Husky Sustainable Storms (HSS) warmly thanks the CSF for its generous contribution to the stormwater treatment project. Thanks to its funding, the project is on-track to apply for Phase Two in improving water quality runoff. This project brings students and staff together towards solving stormwater issues on the University of Washington campus. We estimate that HSS will have all documents and approvals necessary for construction in April of 2012, but construction funds for this project are necessary for its implementation.
HSS requests to submit a full application to the CSF for construction funds in the second round of funding. It plans to request $60,000 to build the stormwater project. Without this sum, the design will cause limited impact to stormwater remediation.
This project is a priority for the University of Washington. Students collaborate with Kristine Kenney (Capitol Projects Office), Rebecca Barnes (Capitol Projects Office), Jim Morin (Engineering Services), Peter Dewey (Transportation Services), and Howard Nakase (Grounds Shop). These authorizers assist HSS in developing and approving design alternatives. Moreover they inform students of cost and landscape constraints. Their role and support expedites the project’s construction preparation.
The N-5 parking lot is an ideal site to remediate stormwater. It drains into the combined sewer system. A treatment facility will lower the severity of water runoff in high storm events, and lower the risk of a combined sewer overflow event. The site offers high visibility to pedestrian and car traffic. Finally, the project area features enough area to make a meaningful improvement to water quality.
In January, CSF suggested that HSS keep the cost of the project to $30,000. HSS consulted with UW staff and engineers for estimating the cost of the project. All engineers stated that $30,000 covers very limited construction costs. A greater sum will pay for construction of facilities that adequately remediate the site, the construction team, potential permits, and potential cost overruns. A greater sum is critical to moving the project from design and research (Phase One) to implementation (Phase Two).
This estimate has been advised through the following:
- UW Staff and Mentor Advice: Jim Morin (UW stormwater engineer) Kristine Kenney (UW Capitol Projects Office) and Peter Dewey (Transportation Services Director) as well as mentoring engineers advise the cost estimate. They note that costs add up quickly, and the scale of the facility will improve cost efficiency. For example, if the project requires cutting concrete, costs will rise without commensurate increases in stormwater remediation.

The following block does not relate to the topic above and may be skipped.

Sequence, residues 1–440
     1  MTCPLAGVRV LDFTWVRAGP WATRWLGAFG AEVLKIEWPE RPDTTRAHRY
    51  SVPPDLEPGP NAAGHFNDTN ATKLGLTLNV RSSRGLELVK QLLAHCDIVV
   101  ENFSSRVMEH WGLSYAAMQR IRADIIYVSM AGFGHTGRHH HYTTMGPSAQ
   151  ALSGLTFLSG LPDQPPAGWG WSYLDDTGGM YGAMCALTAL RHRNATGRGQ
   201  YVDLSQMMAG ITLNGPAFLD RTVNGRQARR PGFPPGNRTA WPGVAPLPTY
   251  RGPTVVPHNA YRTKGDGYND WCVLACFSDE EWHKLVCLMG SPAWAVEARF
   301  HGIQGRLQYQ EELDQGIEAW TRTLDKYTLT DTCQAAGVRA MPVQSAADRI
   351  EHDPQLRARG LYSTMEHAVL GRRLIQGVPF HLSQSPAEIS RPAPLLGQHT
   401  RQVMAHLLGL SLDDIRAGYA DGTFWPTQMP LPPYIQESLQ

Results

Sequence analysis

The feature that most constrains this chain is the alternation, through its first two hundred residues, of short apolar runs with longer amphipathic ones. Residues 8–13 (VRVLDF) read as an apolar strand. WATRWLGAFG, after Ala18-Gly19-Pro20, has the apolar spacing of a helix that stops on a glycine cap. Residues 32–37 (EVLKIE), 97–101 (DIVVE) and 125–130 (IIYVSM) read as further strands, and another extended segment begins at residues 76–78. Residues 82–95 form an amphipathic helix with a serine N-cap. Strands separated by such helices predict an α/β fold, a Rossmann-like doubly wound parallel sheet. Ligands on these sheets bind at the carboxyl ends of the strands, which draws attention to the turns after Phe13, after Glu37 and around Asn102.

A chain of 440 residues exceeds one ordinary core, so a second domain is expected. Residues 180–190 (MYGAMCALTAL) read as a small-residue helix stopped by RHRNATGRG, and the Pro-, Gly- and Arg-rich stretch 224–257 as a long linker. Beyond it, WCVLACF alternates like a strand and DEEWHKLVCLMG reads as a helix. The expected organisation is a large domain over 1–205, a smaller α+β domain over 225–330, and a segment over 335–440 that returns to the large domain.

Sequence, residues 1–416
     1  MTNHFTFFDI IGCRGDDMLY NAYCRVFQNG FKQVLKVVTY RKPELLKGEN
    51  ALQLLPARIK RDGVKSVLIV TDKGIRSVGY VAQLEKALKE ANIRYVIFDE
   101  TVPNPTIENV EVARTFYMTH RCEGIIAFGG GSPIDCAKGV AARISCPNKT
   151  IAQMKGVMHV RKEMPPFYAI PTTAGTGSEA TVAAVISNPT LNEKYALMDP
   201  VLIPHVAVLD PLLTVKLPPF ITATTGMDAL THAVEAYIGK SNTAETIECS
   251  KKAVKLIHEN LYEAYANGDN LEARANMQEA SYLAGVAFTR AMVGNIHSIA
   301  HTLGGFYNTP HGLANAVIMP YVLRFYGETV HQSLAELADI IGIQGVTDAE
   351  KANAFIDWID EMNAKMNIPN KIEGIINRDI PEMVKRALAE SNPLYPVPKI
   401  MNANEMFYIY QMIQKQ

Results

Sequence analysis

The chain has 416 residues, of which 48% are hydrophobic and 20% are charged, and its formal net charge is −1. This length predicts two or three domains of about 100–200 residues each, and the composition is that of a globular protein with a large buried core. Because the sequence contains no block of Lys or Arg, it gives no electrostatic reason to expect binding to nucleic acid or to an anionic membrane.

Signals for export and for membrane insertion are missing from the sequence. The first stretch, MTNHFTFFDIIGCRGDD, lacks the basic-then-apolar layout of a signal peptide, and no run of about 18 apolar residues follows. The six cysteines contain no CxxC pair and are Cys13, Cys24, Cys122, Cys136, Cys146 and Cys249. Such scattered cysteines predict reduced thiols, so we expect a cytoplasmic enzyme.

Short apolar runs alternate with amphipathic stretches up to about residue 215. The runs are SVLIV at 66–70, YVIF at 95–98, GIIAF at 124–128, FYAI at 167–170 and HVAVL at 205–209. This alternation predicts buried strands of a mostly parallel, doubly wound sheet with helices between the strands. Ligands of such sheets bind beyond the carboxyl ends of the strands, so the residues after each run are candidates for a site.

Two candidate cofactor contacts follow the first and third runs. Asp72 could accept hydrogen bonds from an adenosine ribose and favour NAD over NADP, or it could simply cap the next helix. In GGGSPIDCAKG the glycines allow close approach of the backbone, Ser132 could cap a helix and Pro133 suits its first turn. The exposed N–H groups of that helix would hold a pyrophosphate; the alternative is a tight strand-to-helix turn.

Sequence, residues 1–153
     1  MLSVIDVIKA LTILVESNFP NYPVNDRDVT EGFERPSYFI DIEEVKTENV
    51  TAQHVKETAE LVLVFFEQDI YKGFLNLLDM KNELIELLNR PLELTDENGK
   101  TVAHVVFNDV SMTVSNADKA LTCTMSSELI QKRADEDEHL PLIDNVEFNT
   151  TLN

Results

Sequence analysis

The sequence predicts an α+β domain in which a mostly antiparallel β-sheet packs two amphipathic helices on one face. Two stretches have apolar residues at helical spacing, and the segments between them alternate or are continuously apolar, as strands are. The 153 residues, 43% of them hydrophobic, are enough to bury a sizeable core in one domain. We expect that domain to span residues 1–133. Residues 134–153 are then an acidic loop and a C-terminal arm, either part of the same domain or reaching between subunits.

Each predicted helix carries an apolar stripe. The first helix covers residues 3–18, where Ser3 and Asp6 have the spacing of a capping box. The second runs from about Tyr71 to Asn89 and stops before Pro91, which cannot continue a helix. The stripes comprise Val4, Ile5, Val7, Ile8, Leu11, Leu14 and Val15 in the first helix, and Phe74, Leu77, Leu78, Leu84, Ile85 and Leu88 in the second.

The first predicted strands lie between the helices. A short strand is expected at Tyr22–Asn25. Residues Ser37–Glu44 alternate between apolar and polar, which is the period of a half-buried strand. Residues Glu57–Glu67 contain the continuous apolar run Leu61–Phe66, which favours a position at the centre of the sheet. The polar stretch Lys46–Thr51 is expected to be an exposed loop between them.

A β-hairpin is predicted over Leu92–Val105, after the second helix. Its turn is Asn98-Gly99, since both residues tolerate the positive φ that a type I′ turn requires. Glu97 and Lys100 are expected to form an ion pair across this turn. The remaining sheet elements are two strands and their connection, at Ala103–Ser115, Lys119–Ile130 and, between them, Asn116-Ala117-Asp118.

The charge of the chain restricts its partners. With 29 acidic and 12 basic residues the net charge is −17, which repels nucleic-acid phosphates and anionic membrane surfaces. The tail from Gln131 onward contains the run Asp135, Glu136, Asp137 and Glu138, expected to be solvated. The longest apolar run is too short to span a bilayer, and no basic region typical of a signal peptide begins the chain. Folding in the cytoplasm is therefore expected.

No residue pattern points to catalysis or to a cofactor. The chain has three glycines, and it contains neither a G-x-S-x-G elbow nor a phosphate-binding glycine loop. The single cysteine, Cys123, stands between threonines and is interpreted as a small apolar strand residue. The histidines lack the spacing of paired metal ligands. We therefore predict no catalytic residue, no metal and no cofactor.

- Capitol Projects Office Advice: Mentors in the UW Capitol Projects Office suggest HSS set 10% of the cost aside to pay for the review and oversight of construction. Additionally, they state all projects must set aside 15% of construction costs for potential cost overruns. If the maximum budget were $30,000 then only $22,500 could be allotted for actual construction for remediation. Curb cuts alone can cost up to $10,000.
- Low Impact Development Research: The impact of bioretention facilities is contingent on the size of project and the quality of materials. Therefore, meaningful impact requires a higher budget to pay for a project that is sized for optimal remediation.
CSF requested that HSS explore cost-saving options. HSS pursues these options seriously. It works towards this goal in the following ways.
- Donations: HSS receives pro bono services and mentorship from Huitt-Zollars. This mentorship is valued at $15,000. Additionally, Huitt-Zollars will be liable for the project design at double the construction cost, with construction cost estimated at $60,000. This is a tremendous donation for the students as well as the University of Washington.
- Cost Efficiency: The team stays cost efficient through careful budget and time planning. Close collaboration with University staff facilitates efficient use of grant funds, especially in the design review process. HSS hopes to finish Phase One under budget and rollover savings to Phase Two.
- Matching Funds: HSS researches matching funds; however, the end of the year (September through January) provides the best opportunity for government and non-profit matching funds. Funds typically require a minimum match, and the funds must be granted to HSS before HSS can apply for the match. By these standards, HSS qualifies for matching funds at the end of 2012.
- University Funds: Additional funds could be generated from University departments. The opportunity for these funds will depend on the final design of the project, and no commitment has been made.
- Materials and BMPs: HSS collaborates with an experienced engineer so they can learn best practices at the least cost. As they continue the project design process, cost savings remains a theme to all design development steps.
Project Report: Brief Chronology
Through Phase One, HSS makes meaningful steps towards preparing the stormwater project for construction.
- January: HSS meets four hours per week regarding design review, engineering support, and approval processes. Each member works independently for five additional hours per week. The team begins student outreach, increasing knowledge of water quality issues. They identify five firms willing to offer reduced cost or pro bono services. They negotiate a contract with a firm that optimizes the CSF’s investment in HSS. HSS identifies sources for potential funds.
- February: HSS navigates approval for the project through the Capitol Projects Office. The team narrows its design alternatives. They author case studies on design alternatives. They draft landscape initial conditions. They locate acquire as-built drawings from Facilities Services records and Engineering Services. They expand community outreach to students interested in water quality improvements as well as prepare for community design critiques.